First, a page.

Three weeks after putting the finishing touches to a $43.5 million E round, AC Immune has jumped into the IPO queue. There’s no word on how many shares the company plans to sell, or the price, but its backers have ballparked the targeted take at $50 million with plans to trade on Nasdaq as "ACIU."
The Lausanne, Switzerland-based biotech has 5 programs in the clinic, but it’s best known for crenezumab, an antibody targeted at the toxic clusters of amyloid beta--the most frequently fingered culprit involved in a disease that is wiping out the memories of millions of people around the globe.
Partnered with Genentech in a $400 million deal, crenezumab failed a Phase II study, but demonstrated a strong enough trend to improving cognition among patients with a milder form of the disease to persuade the biopharma powerhouse to take it into Phase III. And that’s a mixed rep that fits many of the late-stage efforts in Alzheimer’s, a research mine field that has seen a long string of prospects blow up, including Eli Lilly’s ($LLY) solanezumab, which is now in its second big Phase III effort.
AC Immune also struck a $500 million deal with Johnson & Johnson ($JNJ) on its anti-tau vaccine work, which targets another likely suspect in Alzheimer’s.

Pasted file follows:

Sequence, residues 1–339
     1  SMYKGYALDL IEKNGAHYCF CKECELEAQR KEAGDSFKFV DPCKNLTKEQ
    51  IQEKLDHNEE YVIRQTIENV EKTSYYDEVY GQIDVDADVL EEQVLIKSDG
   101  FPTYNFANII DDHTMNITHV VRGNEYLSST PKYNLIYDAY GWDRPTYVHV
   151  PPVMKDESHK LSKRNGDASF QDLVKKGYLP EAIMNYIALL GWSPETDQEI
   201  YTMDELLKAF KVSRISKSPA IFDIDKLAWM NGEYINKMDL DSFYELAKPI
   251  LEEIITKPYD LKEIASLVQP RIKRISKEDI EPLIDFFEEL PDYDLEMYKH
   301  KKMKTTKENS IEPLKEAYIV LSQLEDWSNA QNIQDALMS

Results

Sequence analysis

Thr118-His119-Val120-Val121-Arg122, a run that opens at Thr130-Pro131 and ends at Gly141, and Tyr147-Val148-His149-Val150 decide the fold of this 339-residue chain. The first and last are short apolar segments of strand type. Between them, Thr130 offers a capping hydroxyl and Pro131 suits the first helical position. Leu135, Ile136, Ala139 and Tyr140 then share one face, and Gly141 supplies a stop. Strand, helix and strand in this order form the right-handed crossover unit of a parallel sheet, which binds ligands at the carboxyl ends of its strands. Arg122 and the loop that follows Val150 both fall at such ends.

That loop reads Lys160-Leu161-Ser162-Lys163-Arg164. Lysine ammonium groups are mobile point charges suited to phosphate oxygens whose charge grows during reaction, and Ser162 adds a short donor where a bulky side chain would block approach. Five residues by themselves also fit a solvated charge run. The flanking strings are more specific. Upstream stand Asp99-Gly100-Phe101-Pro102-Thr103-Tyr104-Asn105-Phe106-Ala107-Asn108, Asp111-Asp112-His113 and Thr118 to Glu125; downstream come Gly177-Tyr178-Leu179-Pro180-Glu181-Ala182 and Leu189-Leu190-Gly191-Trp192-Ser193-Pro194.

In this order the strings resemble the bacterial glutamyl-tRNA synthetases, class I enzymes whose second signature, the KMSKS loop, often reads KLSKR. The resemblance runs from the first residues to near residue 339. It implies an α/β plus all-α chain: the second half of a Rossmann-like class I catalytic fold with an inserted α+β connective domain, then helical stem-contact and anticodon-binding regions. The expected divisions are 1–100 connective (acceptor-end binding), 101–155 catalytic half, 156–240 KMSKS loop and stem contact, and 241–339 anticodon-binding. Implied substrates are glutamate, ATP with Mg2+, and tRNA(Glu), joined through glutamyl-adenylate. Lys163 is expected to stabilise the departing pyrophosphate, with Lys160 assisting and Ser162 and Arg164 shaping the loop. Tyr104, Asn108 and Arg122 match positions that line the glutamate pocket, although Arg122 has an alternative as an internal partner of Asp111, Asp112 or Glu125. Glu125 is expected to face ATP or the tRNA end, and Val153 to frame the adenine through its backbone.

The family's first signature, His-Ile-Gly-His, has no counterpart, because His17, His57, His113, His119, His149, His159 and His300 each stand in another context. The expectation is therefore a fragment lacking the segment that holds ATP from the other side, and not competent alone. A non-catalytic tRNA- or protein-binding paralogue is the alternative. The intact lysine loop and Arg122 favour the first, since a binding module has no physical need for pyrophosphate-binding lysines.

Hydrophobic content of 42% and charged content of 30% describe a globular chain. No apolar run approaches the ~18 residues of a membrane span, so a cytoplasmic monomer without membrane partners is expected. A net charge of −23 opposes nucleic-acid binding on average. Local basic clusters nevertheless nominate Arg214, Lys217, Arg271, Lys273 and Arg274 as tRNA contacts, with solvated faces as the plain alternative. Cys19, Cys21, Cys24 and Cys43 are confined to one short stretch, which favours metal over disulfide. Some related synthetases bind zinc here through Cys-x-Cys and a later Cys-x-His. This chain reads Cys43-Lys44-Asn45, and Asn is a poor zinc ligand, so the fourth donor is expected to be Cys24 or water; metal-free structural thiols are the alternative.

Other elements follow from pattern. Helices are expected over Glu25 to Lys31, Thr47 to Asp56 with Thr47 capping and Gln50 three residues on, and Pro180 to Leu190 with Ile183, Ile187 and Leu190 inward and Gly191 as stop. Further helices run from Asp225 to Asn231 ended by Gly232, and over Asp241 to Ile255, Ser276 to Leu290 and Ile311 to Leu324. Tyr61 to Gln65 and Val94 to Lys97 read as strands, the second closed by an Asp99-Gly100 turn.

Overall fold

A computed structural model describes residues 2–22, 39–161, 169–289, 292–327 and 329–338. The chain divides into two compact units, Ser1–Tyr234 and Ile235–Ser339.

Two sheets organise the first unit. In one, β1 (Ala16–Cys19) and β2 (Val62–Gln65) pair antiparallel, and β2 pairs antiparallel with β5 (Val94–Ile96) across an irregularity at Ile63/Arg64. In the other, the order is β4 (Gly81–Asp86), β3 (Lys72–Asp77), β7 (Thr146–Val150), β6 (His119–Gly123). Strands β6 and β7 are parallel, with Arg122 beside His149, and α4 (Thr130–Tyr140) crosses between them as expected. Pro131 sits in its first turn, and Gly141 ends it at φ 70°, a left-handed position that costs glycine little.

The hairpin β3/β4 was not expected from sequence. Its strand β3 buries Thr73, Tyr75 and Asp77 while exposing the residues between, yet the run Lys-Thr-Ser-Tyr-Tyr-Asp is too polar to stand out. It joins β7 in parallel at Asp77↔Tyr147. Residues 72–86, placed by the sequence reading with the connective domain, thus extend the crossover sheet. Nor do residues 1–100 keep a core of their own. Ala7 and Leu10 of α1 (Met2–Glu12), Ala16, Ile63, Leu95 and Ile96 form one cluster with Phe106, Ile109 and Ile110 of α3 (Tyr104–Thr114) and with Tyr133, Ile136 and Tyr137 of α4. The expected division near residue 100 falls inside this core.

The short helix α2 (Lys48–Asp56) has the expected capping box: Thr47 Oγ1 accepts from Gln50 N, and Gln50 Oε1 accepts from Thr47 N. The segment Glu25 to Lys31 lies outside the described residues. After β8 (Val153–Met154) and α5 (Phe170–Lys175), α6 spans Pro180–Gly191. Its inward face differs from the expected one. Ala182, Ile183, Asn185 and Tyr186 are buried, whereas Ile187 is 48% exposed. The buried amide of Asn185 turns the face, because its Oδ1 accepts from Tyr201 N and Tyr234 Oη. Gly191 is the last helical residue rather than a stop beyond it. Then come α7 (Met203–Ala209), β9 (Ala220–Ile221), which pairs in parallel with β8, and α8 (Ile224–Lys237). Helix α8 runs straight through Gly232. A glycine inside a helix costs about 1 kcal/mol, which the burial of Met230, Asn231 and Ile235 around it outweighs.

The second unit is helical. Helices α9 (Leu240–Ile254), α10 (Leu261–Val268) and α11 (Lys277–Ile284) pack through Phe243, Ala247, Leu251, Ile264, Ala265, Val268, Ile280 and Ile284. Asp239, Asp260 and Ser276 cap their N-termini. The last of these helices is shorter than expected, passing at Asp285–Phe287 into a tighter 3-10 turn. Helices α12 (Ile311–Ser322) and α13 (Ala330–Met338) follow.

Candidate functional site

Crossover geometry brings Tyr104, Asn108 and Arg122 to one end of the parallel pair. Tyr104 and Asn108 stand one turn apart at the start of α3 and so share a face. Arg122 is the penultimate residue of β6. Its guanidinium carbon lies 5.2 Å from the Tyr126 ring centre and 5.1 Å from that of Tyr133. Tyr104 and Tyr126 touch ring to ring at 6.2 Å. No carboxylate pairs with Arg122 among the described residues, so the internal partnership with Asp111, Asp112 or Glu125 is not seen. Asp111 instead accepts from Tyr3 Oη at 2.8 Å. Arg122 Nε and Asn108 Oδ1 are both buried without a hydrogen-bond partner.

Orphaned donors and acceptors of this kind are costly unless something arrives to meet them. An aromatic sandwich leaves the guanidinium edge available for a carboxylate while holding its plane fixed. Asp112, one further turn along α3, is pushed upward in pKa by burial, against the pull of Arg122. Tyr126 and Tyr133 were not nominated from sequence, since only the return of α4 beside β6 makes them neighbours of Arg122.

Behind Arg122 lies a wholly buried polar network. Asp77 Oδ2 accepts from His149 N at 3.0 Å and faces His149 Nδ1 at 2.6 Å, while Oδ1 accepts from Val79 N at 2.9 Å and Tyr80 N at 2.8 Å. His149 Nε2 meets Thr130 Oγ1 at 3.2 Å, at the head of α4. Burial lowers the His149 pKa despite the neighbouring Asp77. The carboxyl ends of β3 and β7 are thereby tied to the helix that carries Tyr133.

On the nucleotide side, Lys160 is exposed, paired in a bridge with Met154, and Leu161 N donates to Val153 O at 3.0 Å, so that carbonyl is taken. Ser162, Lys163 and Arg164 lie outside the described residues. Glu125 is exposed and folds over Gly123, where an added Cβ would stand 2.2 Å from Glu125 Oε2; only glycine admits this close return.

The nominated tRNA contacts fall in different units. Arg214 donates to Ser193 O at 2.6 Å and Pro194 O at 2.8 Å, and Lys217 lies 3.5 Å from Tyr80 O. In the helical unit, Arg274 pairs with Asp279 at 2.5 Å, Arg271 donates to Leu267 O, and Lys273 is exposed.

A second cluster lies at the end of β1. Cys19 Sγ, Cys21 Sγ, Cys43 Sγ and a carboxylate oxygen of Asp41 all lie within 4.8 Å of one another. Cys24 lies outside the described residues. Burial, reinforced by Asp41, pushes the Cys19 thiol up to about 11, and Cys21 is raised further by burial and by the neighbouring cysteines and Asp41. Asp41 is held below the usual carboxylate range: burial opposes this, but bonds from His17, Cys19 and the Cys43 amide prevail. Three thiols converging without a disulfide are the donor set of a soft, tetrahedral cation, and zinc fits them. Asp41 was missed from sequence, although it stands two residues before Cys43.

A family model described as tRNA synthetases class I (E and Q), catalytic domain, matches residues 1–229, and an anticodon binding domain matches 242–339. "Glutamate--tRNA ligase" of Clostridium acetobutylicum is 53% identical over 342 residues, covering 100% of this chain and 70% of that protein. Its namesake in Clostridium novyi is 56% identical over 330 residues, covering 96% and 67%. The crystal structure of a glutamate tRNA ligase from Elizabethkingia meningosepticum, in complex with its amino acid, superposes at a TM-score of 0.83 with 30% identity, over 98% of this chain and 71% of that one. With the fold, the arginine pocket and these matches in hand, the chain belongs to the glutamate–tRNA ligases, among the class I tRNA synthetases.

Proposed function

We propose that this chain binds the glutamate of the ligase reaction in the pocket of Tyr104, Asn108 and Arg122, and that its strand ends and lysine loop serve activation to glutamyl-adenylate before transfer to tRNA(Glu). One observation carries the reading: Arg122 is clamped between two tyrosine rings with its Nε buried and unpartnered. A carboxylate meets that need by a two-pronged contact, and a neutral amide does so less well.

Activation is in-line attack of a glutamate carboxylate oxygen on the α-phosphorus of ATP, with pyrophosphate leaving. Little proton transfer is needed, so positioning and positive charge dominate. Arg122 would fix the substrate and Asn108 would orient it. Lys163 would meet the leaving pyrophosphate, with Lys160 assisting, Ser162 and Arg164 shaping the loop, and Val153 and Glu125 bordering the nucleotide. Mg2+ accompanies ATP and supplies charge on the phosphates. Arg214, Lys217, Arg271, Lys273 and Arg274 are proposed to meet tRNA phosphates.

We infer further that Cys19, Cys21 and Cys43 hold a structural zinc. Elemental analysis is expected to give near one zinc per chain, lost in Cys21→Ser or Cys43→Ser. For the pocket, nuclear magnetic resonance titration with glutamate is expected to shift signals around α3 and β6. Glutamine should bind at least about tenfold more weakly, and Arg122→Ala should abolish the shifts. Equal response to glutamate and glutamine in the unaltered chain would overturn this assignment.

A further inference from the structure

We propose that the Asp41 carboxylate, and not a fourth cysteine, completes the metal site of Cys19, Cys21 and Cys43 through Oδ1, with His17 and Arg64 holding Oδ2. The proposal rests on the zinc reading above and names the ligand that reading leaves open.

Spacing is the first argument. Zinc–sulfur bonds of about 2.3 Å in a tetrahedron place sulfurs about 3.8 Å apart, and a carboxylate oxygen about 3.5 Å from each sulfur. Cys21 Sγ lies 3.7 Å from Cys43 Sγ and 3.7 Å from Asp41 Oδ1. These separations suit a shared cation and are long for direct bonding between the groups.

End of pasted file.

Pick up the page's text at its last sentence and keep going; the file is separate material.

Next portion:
Since its founding in 2003, AC Immune has relied heavily on German billionaire Dietmar Hopp for much of its financial support.
Hopp had provided the lion’s share of the cash needed to operate AC Immune over the years. And he has the single largest stake in the biotech: 37.7%. Varuma AG holds 23.8% and co-founder and CEO Andrea Pfeifer controls 6.4% of the company’s shares, according to the F-1.
Now AC Immune will have to see how a high-risk biotech IPO involving two marquee industry partners and a billionaire with a taste for biotech investing will do in a market that has seen biotech valuations crash over the last 6 months. So far, only gene editing offerings seem to be doing particularly well this year, with many others either forced to discount their price or withdraw to wait for better days.
- here's the F-1